Monday, February 04, 2013

#hashtag #haiku 

Below is my early feeble attempts at hashtag haiku. I am mulling over the many issues involved in writing it. It was written partly as a response to the rise of "hashtags" in Twitter, and these poems were written for twitter.

A hashtag connects you instantly with its community. In the case of #ravens, #ravens would become a link and in fact lots of people check #ravens every minute; during the Super Bowl #ravens was getting 10/15 tweets a minute; in some cases "trending" hashtags get many more; so, using hashtags is a way to increase your audience. In fact, it may be the way to increase your audience, because who would want to read my drivel otherwise? Very few people, if I write haiku, but maybe the people on #haiku.

This brings up the first question. A poem in which every word is hashtagged has the advantage of establishing new communities that otherwise wouldn't be there: #on, #each, #last for example (in the case of #1). These become links to empty little places that stick around for a while until one writes another poem with #on. Another feature of poems like #1 is that they are entirely lit up, all linked, and this gets attention in a stream of tweets. Total signs, total link haiku (this topic has been broached here before). But is that good? And, alternatively, is putting a hashmark on each word putting a kind of burden on it that impedes the flow?

Poems like #3 and #4, however, just put hashmarks on the big ones, the communities where it will make a difference, on the assumption that having extra hashmarks is linking unnecessarily or pointlessly and gets in the way. Notice how your eye moves from black type to link type though; is that good? Is it ok to point out that some words are more powerful than others? That the word itself is a doorway to a community that is valuable?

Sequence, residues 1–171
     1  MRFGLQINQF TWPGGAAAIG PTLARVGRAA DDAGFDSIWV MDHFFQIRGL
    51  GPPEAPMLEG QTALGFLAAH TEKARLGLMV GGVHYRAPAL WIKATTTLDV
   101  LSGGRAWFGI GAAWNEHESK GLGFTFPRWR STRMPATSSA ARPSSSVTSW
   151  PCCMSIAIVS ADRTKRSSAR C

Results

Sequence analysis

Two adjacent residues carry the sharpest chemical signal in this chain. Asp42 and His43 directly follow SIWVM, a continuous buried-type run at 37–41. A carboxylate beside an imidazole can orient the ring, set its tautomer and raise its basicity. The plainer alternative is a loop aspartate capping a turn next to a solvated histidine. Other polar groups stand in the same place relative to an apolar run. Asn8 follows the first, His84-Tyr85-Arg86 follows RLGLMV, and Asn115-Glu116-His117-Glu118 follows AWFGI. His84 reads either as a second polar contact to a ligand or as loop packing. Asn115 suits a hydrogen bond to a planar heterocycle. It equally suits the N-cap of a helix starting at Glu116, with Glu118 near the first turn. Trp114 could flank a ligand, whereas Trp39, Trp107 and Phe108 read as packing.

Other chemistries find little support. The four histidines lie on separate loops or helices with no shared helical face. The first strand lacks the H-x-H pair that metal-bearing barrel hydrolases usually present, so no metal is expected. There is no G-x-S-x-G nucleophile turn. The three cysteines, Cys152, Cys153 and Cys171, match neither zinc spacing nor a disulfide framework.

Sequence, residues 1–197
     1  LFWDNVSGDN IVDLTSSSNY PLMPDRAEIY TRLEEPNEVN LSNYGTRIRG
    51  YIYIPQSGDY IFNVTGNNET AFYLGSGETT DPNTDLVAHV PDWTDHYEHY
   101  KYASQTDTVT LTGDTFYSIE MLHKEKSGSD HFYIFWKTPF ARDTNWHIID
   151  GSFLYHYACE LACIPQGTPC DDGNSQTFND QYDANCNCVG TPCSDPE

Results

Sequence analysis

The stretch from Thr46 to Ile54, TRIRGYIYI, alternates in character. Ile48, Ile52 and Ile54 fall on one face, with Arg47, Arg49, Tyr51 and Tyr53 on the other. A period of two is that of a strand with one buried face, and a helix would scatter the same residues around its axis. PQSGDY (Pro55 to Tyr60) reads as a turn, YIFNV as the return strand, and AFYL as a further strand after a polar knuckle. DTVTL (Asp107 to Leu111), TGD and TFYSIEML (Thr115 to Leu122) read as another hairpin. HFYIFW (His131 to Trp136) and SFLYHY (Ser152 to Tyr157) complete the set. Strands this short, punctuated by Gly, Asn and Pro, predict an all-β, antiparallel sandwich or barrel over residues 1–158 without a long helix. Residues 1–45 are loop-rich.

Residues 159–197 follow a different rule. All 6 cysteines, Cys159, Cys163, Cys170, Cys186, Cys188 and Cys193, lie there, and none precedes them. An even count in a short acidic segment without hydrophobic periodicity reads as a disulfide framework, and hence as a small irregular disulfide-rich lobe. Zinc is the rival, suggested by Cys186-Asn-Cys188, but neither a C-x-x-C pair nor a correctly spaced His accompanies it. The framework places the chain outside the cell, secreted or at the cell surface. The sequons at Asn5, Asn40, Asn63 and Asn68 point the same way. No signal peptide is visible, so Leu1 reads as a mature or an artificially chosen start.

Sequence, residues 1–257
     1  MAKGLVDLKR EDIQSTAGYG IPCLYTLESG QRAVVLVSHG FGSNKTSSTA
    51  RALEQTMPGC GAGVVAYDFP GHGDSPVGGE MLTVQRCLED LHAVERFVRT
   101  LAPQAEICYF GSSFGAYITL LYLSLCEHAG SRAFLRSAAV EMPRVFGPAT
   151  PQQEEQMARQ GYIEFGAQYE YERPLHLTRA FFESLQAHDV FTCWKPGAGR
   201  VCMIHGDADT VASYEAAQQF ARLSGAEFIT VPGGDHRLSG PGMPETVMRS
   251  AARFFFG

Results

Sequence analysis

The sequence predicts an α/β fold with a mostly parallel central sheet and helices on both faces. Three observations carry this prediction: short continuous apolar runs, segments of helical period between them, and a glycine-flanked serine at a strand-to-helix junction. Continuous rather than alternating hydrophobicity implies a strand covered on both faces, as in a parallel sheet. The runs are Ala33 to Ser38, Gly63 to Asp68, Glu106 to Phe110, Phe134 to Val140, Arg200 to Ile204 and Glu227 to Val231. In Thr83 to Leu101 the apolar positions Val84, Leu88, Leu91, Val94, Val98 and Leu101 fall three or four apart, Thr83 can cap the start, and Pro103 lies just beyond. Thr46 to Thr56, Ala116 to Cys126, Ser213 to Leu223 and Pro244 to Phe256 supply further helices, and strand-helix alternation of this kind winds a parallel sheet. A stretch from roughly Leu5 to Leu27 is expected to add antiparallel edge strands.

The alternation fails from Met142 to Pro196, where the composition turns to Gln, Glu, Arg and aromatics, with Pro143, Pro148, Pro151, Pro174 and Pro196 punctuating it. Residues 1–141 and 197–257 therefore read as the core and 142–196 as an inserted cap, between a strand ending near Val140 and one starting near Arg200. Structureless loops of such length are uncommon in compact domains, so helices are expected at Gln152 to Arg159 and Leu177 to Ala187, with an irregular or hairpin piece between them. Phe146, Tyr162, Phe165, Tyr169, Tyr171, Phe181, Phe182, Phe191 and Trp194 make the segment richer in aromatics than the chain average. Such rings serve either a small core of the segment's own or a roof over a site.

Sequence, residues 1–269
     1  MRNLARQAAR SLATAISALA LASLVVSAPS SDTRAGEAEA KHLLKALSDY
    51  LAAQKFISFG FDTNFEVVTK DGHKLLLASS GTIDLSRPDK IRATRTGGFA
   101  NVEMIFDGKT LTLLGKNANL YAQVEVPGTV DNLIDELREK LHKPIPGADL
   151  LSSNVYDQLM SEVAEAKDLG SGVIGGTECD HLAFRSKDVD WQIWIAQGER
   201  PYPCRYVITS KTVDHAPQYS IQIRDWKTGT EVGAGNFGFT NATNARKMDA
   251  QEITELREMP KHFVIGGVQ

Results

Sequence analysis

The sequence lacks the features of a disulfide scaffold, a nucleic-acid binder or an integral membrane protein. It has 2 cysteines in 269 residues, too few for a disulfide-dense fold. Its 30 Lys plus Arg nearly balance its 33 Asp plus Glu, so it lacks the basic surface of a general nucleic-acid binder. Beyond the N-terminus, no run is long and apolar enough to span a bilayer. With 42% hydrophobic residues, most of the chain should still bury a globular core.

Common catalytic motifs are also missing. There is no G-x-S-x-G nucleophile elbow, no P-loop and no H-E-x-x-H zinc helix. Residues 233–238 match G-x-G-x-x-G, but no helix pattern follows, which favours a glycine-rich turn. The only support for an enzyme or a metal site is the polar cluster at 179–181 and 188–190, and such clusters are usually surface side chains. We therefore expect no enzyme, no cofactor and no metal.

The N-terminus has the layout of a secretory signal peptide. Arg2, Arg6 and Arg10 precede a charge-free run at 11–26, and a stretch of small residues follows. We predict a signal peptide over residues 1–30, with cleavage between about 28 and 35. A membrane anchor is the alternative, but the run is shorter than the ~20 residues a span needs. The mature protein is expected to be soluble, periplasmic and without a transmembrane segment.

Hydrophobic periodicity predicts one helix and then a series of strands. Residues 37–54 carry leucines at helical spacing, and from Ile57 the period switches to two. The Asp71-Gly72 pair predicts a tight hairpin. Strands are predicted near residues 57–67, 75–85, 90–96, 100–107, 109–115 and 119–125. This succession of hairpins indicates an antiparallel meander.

Now these poems have extraneous hashtags, added at the end (as in #hashtag #haiku, in #1, #2 & #4). This goes against the law of sparingness in haiku, in which seventeen syllables is all you got and even a title is cheating in a way. My inclination is to say that #hashtag #haiku is ok but adding more makes it a gift with too much wrapping in a way, a present with several addresses on it. I'm thinking of making a separate character for hashtag haiku (rather than publishing under my own name, thomas leverett, as I do in this twitter)...perhaps calling it hashku, creating a genre, and using it, essentially, to publicize my book or anything I write.

I could also, of course, just use it to express my feelings about topics of national interest, since, of course, the world is watching. You jump into these streams, people read it. You make your haiku all lit up, they read it even more, or maybe less, as the case may be. In a sense, most tweets go down a swift river to nowhere; though on some level they're kept and relived, on another, they're just bits in the sand. Does it matter? Maybe I should find out.

#hashtag #on #each #word /
#snowshoe #on #each #mountain #stone /
#tracks #last #forever....
#hashtag #haiku

#an #NFL #team /
#named #after #poetry - #whats #this /
#about #a #murder?....
#hashtag #haiku

#hashtag #haiku - drop /
#poetry in as many /
#hashtags as you can

you got your #ravens /
they got you a #superbowl - we /
#browns fans, nevermore /
#hashtag #haiku

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